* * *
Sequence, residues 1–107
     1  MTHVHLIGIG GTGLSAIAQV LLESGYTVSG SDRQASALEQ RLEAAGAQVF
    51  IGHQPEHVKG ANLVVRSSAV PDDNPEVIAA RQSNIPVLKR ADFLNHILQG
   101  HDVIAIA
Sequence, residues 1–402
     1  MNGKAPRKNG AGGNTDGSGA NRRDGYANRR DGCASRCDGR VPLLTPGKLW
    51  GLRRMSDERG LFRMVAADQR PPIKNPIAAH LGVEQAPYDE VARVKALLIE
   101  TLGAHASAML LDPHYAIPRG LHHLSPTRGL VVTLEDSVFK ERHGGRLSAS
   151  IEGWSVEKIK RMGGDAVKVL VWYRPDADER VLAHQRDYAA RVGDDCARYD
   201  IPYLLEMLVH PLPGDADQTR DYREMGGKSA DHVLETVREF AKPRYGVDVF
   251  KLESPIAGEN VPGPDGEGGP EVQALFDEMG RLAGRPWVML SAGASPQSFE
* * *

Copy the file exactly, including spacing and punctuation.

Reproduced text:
Sequence, residues 1–107
     1  MTHVHLIGIG GTGLSAIAQV LLESGYTVSG SDRQASALEQ RLEAAGAQVF
    51  IGHQPEHVKG ANLVVRSSAV PDDNPEVIAA RQSNIPVLKR ADFLNHILQG
   101  HDVIAIA
Sequence, residues 1–402
     1  MNGKAPRKNG AGGNTDGSGA NRRDGYANRR DGCASRCDGR VPLLTPGKLW
    51  GLRRMSDERG LFRMVAADQR PPIKNPIAAH LGVEQAPYDE VARVKALLIE
   101  TLGAHASAML LDPHYAIPRG LHHLSPTRGL VVTLEDSVFK ERHGGRLSAS
   151  IEGWSVEKIK RMGGDAVKVL VWYRPDADER VLAHQRDYAA RVGDDCARYD
   201  IPYLLEMLVH PLPGDADQTR DYREMGGKSA DHVLETVREF AKPRYGVDVF
   251  KLESPIAGEN VPGPDGEGGP EVQALFDEMG RLAGRPWVML SAGASPQSFE